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Discovery & Development Clinical Trials

Cancer Complexity

What is the biggest challenge that we face in our mission to bring new, effective medicines to patients? In my view, it’s attrition. In 2004, Kola and Landis reported that only one in 20 new chemical entities (NCEs) being developed for cancer make it to the market (1), with other indications faring somewhat better. A more recent analysis from 2014 suggests that this picture hasn’t really changed and, if anything, it has become worse (2). The success rate is frankly abysmal. So, what can we do to reduce attrition rates? What are the challenges and how do we overcome them? There is no quick, easy fix. We need a major transformation in the way we develop drugs, spanning preclinical development, how clinical trials are designed, and the way in which drugs are currently approved. It isn’t possible to cover every aspect here, but I’ll give you a few ideas to get you thinking.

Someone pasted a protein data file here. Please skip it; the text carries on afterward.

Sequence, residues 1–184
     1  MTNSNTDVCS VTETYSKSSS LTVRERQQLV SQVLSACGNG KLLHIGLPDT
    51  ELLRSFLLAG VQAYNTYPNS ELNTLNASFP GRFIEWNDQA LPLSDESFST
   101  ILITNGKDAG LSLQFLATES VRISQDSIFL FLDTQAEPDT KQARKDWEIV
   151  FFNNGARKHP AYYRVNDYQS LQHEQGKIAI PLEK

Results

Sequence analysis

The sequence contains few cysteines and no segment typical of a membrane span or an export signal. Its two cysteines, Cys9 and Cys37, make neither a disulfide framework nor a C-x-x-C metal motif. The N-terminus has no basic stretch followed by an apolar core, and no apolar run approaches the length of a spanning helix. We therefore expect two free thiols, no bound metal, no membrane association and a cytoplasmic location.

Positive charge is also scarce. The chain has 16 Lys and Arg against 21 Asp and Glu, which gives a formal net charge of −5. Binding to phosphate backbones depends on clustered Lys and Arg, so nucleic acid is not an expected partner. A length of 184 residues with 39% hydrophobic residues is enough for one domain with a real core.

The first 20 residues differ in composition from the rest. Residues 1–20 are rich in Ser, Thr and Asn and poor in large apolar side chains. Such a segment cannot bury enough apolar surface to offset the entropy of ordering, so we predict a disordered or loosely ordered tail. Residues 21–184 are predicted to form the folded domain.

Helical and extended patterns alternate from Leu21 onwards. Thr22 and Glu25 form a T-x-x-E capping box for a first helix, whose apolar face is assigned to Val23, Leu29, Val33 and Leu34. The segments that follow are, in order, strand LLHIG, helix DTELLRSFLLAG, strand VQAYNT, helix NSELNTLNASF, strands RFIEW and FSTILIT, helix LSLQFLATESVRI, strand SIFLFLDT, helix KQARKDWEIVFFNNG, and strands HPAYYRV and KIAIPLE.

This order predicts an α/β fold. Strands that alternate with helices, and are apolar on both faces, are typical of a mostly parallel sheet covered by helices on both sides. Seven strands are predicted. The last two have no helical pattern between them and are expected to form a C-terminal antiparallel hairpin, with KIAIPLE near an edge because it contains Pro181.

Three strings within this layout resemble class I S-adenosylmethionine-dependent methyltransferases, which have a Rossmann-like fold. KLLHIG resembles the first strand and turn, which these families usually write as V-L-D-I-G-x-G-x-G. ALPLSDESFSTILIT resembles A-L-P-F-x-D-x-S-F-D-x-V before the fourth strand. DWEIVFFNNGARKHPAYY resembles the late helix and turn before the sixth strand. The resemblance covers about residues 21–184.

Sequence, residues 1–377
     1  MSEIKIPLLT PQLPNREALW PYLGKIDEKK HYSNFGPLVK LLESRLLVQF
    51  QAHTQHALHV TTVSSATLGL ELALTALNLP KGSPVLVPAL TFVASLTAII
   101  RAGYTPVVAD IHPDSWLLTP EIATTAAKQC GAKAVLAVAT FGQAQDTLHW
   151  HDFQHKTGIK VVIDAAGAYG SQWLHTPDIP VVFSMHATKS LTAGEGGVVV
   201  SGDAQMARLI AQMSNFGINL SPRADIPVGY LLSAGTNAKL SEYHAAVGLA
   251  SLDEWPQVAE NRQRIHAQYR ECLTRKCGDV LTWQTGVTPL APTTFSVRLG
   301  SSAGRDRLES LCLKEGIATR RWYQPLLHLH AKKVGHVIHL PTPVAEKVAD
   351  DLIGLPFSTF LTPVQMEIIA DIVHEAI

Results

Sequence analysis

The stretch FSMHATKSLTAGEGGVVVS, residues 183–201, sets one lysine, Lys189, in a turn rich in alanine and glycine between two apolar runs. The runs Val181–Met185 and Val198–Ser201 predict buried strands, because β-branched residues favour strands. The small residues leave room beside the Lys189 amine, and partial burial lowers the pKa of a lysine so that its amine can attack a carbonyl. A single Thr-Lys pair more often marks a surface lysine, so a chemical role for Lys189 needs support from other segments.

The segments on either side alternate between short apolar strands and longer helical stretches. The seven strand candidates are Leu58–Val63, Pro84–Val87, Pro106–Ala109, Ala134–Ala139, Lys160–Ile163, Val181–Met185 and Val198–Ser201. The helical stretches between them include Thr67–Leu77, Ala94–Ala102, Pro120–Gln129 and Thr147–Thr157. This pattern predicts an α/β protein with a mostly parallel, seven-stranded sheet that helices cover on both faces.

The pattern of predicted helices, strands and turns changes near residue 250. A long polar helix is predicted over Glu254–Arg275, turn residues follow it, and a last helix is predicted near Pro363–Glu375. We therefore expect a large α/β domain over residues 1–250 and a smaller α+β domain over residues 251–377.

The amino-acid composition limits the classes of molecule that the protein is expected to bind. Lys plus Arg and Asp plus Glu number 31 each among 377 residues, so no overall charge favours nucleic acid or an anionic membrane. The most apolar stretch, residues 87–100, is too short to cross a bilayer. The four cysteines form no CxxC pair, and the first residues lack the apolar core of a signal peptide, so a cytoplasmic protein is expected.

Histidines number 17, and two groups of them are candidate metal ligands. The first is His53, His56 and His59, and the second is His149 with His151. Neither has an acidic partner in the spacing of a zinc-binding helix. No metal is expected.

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About the Author

James Ritchie

James says that he wants to live in a world where the word “cancer” no longer holds any fear, and he has dedicated his professional career to achieving this aim, having been involved in cancer drug discovery and development since 2001. His experience has spanned the entire continuum from early discovery through to pivotal clinical development and he is currently the drug development scientist at Cancer Research UK’s Centre for Drug Development. The remit of the CDD is the translation and early clinical development of new anti-cancer agents covering everything from small molecules to immune and cellular based therapies.

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